is always elegant.
An aspect of the film that made me
uncomfortable is the way it deals with
gender, making sure the stereotypical
and arbitrary cultural categories of pink
for girls and blue for boys are reinforced—and that real men use hockey
warrior gear. Puns can be funny for
kids but double entendres aimed at the
older audience fall flat.
For example, Derek almost calls Tracy
a "fairy," slang for a male homosexual.
Although Derek seems to grow in
respect for both children and tooth
fairies, and the film is entertaining
enough, I was somewhat disappointed.
Walden Media (and Twentieth Century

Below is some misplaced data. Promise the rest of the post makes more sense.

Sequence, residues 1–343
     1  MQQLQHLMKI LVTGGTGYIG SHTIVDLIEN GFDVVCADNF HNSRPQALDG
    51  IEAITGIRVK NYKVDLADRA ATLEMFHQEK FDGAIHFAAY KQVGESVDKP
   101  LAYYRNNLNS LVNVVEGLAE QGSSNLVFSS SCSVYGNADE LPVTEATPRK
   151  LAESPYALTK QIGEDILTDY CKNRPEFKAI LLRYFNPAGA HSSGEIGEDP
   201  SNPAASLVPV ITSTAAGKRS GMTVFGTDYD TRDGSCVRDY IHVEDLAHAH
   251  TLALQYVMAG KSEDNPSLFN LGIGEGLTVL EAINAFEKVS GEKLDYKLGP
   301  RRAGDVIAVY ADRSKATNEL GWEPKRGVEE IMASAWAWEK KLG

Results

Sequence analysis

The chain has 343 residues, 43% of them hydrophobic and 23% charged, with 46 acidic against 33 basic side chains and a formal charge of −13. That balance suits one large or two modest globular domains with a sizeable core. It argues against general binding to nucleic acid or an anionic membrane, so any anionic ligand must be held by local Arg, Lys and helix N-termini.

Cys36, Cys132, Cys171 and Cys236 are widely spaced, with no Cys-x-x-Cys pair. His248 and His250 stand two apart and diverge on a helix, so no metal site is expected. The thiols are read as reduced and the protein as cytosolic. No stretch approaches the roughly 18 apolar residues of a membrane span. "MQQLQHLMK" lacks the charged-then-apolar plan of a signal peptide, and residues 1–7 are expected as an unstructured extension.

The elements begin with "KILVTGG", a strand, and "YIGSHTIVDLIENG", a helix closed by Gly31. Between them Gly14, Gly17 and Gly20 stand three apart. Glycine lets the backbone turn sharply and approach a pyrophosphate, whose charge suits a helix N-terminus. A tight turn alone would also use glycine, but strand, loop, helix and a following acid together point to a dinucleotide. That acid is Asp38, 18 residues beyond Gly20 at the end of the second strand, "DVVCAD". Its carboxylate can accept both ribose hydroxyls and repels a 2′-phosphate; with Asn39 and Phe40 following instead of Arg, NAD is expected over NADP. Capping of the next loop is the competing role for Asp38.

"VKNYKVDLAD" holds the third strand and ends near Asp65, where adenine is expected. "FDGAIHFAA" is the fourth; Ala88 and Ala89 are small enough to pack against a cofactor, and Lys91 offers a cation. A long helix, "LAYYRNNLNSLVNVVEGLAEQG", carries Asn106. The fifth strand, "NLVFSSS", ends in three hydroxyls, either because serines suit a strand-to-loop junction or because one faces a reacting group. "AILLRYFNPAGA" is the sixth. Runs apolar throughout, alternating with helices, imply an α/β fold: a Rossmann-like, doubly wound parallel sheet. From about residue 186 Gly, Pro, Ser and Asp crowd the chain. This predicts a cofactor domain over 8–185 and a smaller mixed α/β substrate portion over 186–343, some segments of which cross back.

Fox), known for its outstanding reputation
for reimagining the literature of
children and adolescents for film and
linking literacy and entertainment, has
released a movie that is perhaps commercial
but of less quality than we have
come to expect. Subtle innuendos.
LIFE UNEXPECTED (The CW,
Mondays, 9 p.m.): Lux (Brittany
Robertson) is an orphan
in Portland, Oregon, who is tired of
endless foster homes and decides to
file for emancipation on her 16th birthday.
She finds her birthfather, a bar
owner, and then her mother, a radio
talk show host, and learns they were in
high school when she was born.
Lux's emancipation request is denied.
The judge gives custody to the parents
and all their lives are changed. I am
not sure where the story is going, but
it is warm and interesting with excellent
writing that touches teen and family
issues. For mature teens.